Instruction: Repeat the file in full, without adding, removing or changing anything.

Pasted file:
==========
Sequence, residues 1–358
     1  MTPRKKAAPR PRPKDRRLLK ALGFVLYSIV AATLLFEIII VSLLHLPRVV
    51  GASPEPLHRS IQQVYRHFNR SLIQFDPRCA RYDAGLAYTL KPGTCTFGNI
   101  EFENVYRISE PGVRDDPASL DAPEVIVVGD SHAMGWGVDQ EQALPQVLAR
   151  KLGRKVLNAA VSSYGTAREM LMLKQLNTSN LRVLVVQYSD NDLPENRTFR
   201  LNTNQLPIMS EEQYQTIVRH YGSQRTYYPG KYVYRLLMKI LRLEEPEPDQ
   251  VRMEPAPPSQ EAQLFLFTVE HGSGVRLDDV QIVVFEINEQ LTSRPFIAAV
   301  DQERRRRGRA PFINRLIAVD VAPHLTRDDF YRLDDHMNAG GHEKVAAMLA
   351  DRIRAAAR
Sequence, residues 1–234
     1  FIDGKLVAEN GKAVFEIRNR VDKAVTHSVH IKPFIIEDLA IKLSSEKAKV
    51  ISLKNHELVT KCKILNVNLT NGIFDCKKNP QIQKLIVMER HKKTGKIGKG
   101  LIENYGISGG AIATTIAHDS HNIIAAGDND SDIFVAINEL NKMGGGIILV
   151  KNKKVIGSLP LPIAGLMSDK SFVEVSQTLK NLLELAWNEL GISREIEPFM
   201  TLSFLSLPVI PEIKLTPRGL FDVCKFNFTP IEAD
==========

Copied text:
Sequence, residues 1–358
     1  MTPRKKAAPR PRPKDRRLLK ALGFVLYSIV AATLLFEIII VSLLHLPRVV
    51  GASPEPLHRS IQQVYRHFNR SLIQFDPRCA RYDAGLAYTL KPGTCTFGNI
   101  EFENVYRISE PGVRDDPASL DAPEVIVVGD SHAMGWGVDQ EQALPQVLAR
   151  KLGRKVLNAA VSSYGTAREM LMLKQLNTSN LRVLVVQYSD NDLPENRTFR
   201  LNTNQLPIMS EEQYQTIVRH YGSQRTYYPG KYVYRLLMKI LRLEEPEPDQ
   251  VRMEPAPPSQ EAQLFLFTVE HGSGVRLDDV QIVVFEINEQ LTSRPFIAAV
   301  DQERRRRGRA PFINRLIAVD VAPHLTRDDF YRLDDHMNAG GHEKVAAMLA
   351  DRIRAAAR
Sequence, residues 1–234
     1  FIDGKLVAEN GKAVFEIRNR VDKAVTHSVH IKPFIIEDLA IKLSSEKAKV
    51  ISLKNHELVT KCKILNVNLT NGIFDCKKNP QIQKLIVMER HKKTGKIGKG
   101  LIENYGISGG AIATTIAHDS HNIIAAGDND SDIFVAINEL NKMGGGIILV
   151  KNKKVIGSLP LPIAGLMSDK SFVEVSQTLK NLLELAWNEL GISREIEPFM
   201  TLSFLSLPVI PEIKLTPRGL FDVCKFNFTP IEAD